The Motorcycle Industry Council reported a 2.6% increase in motorcycle sales in the U.S. market for 2012. According to the industry group’s figures, American consumers purchased 452,386 motorcycles in 2012 compared to 440,899 motorcycles in 2011. The news was a bit of a surprise, considering the MIC had previously forecast a slight decline for 2012. […]
MIC Forecasts Decline in US Motorcycle Sales for 2012
The Motorcycle Industry Council released its first ever U.S. motorcycle industry sales forecast but the news is not positive.
The MIC, which represents various leading motorcycle OEMs as well as several manufacturers of parts and accessories, usually releases quarterly sales figures for the U.S. market but, until now, had never released industry-wide future sales projections. While sales were up a slim 0.3% in 2011, the MIC’s new Business Advisory & Forecast predicts a modest decline in new motorcycle sales in 2012.
“While our market stayed essentially flat last year, unemployment numbers and stagnant incomes are making consumers more cautious about large purchases,” says Tim Buche, MIC president. “Even with low interest rates making this a great time to buy for many people, overall economic uncertainty is leading us to predict we’ll have fewer sales in 2012.”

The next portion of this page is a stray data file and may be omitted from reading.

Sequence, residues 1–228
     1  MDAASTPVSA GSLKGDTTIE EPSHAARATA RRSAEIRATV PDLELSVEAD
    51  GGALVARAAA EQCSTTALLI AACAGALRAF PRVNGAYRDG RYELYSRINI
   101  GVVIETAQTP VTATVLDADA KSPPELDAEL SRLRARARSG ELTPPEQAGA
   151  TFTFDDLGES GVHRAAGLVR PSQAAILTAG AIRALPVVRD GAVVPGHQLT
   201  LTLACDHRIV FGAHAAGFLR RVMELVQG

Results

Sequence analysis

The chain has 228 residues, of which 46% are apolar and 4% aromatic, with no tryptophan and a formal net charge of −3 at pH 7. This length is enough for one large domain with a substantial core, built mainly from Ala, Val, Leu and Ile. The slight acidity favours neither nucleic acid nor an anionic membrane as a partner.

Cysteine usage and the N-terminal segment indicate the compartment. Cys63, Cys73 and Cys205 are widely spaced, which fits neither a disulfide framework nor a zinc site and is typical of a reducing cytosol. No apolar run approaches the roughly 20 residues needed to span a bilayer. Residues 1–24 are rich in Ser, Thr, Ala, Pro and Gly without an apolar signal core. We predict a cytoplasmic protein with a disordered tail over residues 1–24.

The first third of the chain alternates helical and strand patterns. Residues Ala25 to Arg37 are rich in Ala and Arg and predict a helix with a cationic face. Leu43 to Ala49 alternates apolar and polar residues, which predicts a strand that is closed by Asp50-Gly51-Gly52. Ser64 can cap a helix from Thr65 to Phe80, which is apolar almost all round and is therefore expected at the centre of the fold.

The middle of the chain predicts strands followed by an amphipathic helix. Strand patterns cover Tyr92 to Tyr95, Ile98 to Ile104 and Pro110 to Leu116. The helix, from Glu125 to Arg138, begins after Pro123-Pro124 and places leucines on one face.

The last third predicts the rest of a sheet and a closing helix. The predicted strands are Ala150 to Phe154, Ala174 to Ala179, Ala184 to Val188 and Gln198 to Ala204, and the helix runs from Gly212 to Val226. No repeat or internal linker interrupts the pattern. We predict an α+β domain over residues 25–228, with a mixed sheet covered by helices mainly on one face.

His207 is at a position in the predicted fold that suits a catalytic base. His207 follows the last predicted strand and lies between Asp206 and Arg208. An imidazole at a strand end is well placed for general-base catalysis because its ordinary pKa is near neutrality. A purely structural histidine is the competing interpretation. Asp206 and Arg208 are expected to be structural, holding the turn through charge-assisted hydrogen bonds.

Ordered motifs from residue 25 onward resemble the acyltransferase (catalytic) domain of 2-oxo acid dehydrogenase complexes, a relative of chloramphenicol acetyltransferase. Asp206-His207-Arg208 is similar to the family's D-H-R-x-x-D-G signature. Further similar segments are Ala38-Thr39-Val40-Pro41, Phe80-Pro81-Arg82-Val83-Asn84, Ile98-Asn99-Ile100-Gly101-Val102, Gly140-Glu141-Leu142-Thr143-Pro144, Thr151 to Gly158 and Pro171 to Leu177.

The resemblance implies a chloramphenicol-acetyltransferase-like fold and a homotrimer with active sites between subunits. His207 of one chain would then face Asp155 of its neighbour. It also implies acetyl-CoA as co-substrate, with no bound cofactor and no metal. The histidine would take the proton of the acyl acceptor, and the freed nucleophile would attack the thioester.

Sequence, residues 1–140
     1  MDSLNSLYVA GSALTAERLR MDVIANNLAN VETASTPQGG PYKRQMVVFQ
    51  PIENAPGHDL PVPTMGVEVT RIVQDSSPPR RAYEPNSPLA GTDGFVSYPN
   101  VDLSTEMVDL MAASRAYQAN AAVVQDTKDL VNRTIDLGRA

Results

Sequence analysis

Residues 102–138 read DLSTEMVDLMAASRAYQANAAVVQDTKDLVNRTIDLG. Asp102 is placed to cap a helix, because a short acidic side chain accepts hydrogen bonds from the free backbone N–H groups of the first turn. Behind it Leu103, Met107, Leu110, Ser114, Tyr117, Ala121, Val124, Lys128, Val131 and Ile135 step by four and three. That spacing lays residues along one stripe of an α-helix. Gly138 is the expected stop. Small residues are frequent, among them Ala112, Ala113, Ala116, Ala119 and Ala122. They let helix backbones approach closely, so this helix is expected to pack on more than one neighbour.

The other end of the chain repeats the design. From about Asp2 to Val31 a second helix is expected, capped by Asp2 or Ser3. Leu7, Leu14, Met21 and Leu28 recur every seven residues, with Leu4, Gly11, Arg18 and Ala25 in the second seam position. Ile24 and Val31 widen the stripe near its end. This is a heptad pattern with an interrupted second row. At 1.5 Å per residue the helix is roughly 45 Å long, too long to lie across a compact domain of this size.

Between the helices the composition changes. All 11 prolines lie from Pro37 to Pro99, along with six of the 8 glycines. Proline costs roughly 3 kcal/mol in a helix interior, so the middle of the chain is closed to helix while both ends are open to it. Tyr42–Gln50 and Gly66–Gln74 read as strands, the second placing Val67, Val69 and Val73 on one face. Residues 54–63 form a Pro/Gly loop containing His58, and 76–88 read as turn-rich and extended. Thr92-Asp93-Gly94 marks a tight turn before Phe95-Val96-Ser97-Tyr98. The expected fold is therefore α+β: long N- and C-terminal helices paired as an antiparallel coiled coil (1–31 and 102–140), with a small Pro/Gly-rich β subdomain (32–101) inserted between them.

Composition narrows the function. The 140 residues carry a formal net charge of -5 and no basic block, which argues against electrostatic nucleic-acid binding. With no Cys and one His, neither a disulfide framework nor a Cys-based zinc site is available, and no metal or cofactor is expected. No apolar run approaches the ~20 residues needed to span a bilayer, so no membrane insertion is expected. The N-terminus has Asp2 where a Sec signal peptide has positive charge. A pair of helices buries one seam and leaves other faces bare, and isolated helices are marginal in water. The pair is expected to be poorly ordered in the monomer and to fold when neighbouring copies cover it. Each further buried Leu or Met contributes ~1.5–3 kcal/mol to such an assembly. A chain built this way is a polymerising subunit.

ATV sales are also expected to continue declining in 2012, though that is being attributed to a shift in demand from ATVs to side-by-sides (also known as UTVs or recreational off-highway vehicles. The MIC does not track UTV sales itself though some industry estimate side-by-sides are outselling ATVs.
The Business Advisory & Forecast also reports spending on maintenance and repairs have been increasing since April 2010, suggesting consumers are spending their money maintaining motorcycles they already own rather than on buying new models.
Data from recent tire sales supports this theory, with the MIC’s Motorcycle Tire Sales Report showing an 9.6% increase in replacement tire sales. The report also found an 11.7% increase in off-highway tires over a time period that coincides with a 13% decrease in new off-highway motorcycle sales.
“We’re seeing strong indications that riders are continuing to maintain their current motorcycles or upgrading ones they bought used, and we’ve recorded an increasing number of miles being ridden on American roads over the past decade,” says Buche. “The interest in motorcycling is healthier than ever. That’s good news for our industry over the long term and this bodes well for retailers.”
The Business Advisory & Forecast projects sales for the next three years, but the MIC is only releasing the 2012 projections to the public.
2011 US Motorcycle Sales Results